Much of what happens in nature is flows of materials and energy. Rivers are flows of rain water that start as creeks, creating a structure like tree roots, with small rivers flowing into larger rivers and ultimately a giant river such as the Mississippi. The water ultimately flows into an ocean, and evaporation sends it back into the atmosphere. This structure maximizes the flow of the water. The bodies of plants and animals too are flows of air, water, and foods taken in, which energize the body, become transformed, and then flow out. Your body is a dynamic input-output flow machine.
The constructal law is a law of evolution as well as structure. Systems like rivers and living beings evolve over time towards the maximization of the work done by flows. Human-built structures such as traffic follow the constructal tree-design concept; cities have local streets, larger avenues, and freeways.
Human society is constructal, but people in power can change the governing structures to conform to a greater or lesser degree with the concept of facilitating flows. If in a large country, power is centralized, so that the state attempts to plan the whole economy, this is in contradiction to constructal design. It is like a tree that has only a trunk. The economy will generate waste and function far below its potential.
Human economic action follows the constructal law by maximizing benefits and minimizing costs. In their book Design in Nature: How the Constructal Law Governs Evolution in Biology, Physics, Technology, and Social Organization, Adrian Bejan and J. Peder Zane cite the American economist Henry George, who in his book Progress and Poverty stated as an axiom of economics that people seek to satisfy their desires with minimum exertion.
Constructal law can be applied to governance with the concept of federalism, having several layers of governance. The lower or more local levels need to have some independence of decision making in order to enhance economic flows, as inputs get processed into products. A free market maximizes the work done by flows for a set of inputs, as the knowledge needed to process the flows of goods is decentralized. Knowledge itself has a tree structure, with some knowledge centralized into recorded forms, but much of the knowledge being decentralized ultimately in the minds of producers and consumers. Only you know what products are best for you, and the best use of your time and skills cannot be totally directed by others.
Optimal public finance can operate constructally with two principles. First, maximize the flow of revenues for collective goods by avoiding taxes on the inputs and on the outputs. That implies that there be no tax on the flow of labor, no tax on the value added by production, and no tax on the products. Instead, public revenue should be based on the potential flow of the surplus from production, and that surplus is land rent, which flows from the resources of nature.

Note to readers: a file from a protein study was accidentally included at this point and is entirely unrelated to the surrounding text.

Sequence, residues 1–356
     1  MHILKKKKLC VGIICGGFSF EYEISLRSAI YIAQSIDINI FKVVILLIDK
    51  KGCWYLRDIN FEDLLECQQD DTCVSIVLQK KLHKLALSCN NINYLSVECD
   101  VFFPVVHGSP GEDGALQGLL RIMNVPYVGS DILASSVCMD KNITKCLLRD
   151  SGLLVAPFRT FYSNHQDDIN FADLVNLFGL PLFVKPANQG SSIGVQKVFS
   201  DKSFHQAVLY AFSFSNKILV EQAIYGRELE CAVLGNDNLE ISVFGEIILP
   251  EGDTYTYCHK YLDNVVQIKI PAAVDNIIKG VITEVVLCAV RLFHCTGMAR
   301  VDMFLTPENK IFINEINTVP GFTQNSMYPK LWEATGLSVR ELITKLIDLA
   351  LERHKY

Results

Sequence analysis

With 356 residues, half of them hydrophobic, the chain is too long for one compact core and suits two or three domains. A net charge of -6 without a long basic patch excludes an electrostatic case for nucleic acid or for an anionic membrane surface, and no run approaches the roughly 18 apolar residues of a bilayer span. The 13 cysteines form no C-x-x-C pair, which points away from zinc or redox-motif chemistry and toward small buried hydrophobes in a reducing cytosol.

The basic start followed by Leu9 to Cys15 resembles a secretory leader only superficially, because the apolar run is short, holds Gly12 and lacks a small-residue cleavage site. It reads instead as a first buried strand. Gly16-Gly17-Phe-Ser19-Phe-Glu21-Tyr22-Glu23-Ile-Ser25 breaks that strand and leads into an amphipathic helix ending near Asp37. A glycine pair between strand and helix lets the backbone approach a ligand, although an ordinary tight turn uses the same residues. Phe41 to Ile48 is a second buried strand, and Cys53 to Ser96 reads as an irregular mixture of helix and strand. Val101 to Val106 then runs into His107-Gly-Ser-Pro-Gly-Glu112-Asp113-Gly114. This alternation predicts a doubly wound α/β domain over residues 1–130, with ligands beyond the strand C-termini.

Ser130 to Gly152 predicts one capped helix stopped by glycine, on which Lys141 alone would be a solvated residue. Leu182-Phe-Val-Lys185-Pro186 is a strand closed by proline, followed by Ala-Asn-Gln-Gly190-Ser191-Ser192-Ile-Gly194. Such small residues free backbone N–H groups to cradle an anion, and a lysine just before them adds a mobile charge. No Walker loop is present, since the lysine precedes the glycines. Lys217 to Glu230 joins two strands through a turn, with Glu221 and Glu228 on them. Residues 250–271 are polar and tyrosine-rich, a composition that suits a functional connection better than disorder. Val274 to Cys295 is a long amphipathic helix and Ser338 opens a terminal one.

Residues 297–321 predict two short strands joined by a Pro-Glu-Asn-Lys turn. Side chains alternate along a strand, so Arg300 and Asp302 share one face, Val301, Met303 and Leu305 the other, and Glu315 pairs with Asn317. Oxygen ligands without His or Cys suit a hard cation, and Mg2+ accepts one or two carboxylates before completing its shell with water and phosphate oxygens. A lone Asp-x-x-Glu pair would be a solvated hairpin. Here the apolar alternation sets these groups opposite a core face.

Constructal law implies that the flow of rent not be collected by the central government of a large economy, nor by small neighborhoods. Like a tree that has both branches and roots attached to the trunk, optimal public finance proposes that the land rent flow from the roots, the residential and commercial title holders, up to the trunk, the county-level governance. From the county the funds would flow up to the state or provincial level, and from there to the federal or national government.
In an interview with The Freeman magazine, Bejan said that freedom promotes better designs, because constraints limit evolution towards better flows. Acts which are coercively harmful hamper the voluntary flow of human action. Therefore, governance can promote the flows of social and economic action by not restricting or taxing peaceful and honest human action.
Government should also avoid subsidies that alter the market prices of goods and profits of firms, since these also interfere with freely-chosen flows. The public goods provided by government become a subsidy to land rent, when that rent is not paid back to the providers. Constructal public finance implies that the flow of rent generated by governmental goods be returned to its source, creating a circular flow like the rain that falls on water and is then evaporated back into the air.
The prescription for a prosperous economy discovered by the French Economists of the 1700s and explained by Henry George in the 1800s is that which best implements constructal public finance: free trade and public revenue from land rent.
Why, despite our technological capacities, are we not all working three- to four-hour days?
This 2013 excerpt of the Sydney Morning Herald, Spt 3, is by David Graeber is a professor of anthropology at the London School of Economics. This article first appeared in Strike! Magazine, a radical British quarterly that covers politics, philosophy and art.
In 1930, John Maynard Keynes predicted that, by century’s end, technology would have advanced sufficiently that countries like Britain or the United States would have achieved a 15-hour working week. In technological terms, we are quite capable of this. And yet it didn’t happen.
In order to achieve this, jobs have had to be created that are, effectively, pointless. Huge swathes of people in the Western world spend their entire working lives performing tasks they secretly believe do not really need to be performed. The moral and spiritual damage that comes from this situation is profound.